Printed at the bottom of every piece of Maui County Department of Water Supply stationery are the words “By Water All Things Find Life.” It’s a fitting, if somewhat awkwardly worded, motto for the county agency tasked with making sure all residents have ready access to potable water.
Doing so requires a complex network of pipes, pumps, trucks and wells connecting aquifers, streams and storage tanks throughout the island. Of course, not all of it is functioning at any given moment—some wells, for instance, have rarely been tapped because of subsurface contamination. These wells do not bring life to anything.
Two of these wells are on the Westside, and they concern us today. They lie at the heart of a problem facing some of the island’s biggest proposed land developments.
On Jan. 19, Maui Land & Pineapple Co. people interested in buying a home on the Westside gathered at the Ritz Carlton in Kapalua for a briefing on the company’s proposed 300-acre Pulelehua development. The project has the potential to be another West Maui town on the order of Honokowai or Kahana.
Most of the people attending the Ritz Carlton meeting wanted to hear more about the company’s plans, according to repeated statements from Maui Land Executive Vice President Bob McNatt, to put 125 “permanently affordable” rentals and 325 affordable homes “priced from approximately $190,000 to $360,000 in today’s dollars.” As company employees, they get first crack at the homes, when they come on line sometime in 2008.
At some point in the near future, both the homebuilders and buyers will have to contend with a chemical called DBCP. Known as 1,2 Dibromo-3-Chloropropane to its closest friends, DBCP is nasty stuff, especially for males. The EPA considers it a “probable human carcinogen.”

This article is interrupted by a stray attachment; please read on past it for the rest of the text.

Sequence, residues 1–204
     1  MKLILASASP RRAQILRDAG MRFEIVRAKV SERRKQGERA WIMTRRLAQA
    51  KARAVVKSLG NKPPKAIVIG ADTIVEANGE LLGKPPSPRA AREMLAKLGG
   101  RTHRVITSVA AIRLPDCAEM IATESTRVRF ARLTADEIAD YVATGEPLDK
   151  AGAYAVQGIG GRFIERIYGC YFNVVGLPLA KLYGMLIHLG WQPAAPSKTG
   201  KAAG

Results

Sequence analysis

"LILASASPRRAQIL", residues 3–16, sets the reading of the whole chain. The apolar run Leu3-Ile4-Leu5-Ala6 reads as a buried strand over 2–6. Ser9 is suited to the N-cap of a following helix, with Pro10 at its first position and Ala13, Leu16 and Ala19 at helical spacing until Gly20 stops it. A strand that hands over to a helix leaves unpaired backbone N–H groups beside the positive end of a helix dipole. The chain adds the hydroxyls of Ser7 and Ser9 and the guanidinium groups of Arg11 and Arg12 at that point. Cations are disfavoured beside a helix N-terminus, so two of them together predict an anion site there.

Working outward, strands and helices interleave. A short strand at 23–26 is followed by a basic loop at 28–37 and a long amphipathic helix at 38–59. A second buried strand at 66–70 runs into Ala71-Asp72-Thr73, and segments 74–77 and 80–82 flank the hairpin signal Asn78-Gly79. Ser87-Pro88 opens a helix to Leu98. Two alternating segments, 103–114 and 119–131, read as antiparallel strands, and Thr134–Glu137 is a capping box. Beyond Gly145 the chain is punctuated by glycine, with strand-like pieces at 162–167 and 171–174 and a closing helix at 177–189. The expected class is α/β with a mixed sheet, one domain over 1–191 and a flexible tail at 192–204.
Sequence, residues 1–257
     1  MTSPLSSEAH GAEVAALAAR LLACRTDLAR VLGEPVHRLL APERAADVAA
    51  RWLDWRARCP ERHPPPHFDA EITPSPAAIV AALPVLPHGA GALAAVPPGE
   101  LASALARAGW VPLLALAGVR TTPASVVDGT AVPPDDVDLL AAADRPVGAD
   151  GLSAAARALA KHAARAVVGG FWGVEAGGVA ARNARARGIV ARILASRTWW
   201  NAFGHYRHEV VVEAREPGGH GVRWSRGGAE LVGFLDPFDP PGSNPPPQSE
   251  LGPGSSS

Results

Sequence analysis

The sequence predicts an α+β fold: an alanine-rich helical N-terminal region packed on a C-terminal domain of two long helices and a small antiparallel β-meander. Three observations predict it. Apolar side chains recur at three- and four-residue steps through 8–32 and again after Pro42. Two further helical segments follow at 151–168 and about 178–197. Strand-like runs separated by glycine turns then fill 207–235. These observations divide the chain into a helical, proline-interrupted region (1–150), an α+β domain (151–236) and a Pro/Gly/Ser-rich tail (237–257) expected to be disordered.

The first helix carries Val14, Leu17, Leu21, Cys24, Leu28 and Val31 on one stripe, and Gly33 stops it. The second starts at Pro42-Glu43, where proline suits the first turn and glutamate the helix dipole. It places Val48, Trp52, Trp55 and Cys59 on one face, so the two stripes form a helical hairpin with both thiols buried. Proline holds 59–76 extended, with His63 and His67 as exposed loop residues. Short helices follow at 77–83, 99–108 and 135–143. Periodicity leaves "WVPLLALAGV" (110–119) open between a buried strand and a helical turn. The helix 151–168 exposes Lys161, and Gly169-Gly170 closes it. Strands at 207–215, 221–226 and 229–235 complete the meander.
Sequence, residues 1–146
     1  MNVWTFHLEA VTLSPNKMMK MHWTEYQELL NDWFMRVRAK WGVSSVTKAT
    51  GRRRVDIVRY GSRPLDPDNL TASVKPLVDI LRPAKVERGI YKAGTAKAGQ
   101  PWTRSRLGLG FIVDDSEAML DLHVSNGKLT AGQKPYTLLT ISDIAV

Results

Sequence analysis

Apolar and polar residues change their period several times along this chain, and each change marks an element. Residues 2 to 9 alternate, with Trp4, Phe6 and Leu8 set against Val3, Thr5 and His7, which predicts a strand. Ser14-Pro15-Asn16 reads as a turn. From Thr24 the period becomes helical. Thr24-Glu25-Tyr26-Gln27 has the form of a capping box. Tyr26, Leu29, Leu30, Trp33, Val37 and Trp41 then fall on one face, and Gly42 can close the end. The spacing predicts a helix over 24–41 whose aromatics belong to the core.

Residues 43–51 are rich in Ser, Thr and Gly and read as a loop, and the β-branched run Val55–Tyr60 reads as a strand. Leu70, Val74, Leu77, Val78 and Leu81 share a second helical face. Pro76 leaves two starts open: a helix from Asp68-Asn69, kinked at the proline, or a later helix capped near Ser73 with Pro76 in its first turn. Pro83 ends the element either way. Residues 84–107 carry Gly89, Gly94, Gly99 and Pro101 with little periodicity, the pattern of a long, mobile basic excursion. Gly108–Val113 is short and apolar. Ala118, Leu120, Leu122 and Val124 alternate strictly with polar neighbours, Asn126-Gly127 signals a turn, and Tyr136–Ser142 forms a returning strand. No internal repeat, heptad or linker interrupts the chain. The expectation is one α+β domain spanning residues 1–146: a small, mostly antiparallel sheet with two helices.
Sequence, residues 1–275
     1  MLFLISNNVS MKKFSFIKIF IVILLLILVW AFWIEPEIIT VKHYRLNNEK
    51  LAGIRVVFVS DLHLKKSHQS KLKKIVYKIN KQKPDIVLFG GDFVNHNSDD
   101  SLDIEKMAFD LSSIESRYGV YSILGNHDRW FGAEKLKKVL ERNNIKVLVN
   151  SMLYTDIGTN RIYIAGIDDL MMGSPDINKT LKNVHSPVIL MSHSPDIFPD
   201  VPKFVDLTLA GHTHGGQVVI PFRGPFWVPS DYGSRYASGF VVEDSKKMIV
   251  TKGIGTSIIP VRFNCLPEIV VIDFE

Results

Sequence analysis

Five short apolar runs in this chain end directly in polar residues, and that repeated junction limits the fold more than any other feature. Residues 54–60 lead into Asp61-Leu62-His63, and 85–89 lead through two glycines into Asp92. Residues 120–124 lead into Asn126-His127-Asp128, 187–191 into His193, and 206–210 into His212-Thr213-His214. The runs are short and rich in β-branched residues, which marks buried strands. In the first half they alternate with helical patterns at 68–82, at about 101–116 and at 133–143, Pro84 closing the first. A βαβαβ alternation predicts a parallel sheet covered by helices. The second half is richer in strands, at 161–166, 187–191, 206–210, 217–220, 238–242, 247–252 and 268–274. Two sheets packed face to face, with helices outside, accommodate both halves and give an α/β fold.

“Acute (short-term) exposure to DBCP in humans results in moderate depression of the central nervous system (CNS) and pulmonary congestion from inhalation, and gastrointestinal distress and pulmonary edema from oral exposure,” states an EPA fact sheet on DBCP. “Chronic (long-term) exposure to DBCP in humans causes male reproductive effects, such as decreased sperm counts. Testicular effects and decreased sperm counts were observed in animals chronically exposed to DBCP by inhalation.”
At least two West Maui wells are contaminated with so much DBCP that they’re no longer in use. Growers like the Maui Land & Pineapple Co. apparently used the stuff with abandon in Hawai’i during the later half of the 20th century.
“Until 1977, DBCP was used as a soil fumigant and nematocide [worm killer] on over 40 different crops in the United States,” states the EPA fact sheet. “From 1977 to 1979, EPA suspended registration for all DBCP-containing products except for use on pineapples in Hawaii. In 1985, EPA issued an intent to cancel all registrations for DBCP, including use on pineapples.”
That’s right: pineapple growers in Hawai’i sprayed DBCP for eight full years after it was banned for use on the mainland. It made sense, since chemists developed DBCP in the 1950s for Hawaiian pineapple crops.
It took a couple decades, but contamination finally appeared in California wells. By 1979, Maui Land & Pineapple—one of the state’s biggest DBCP fans—began its own tests. In June of that year, they hired the late hydrologist John Mink—husband of former Congresswoman Patsy Mink. His tests showed the dreaded poison in five of 10 test sites.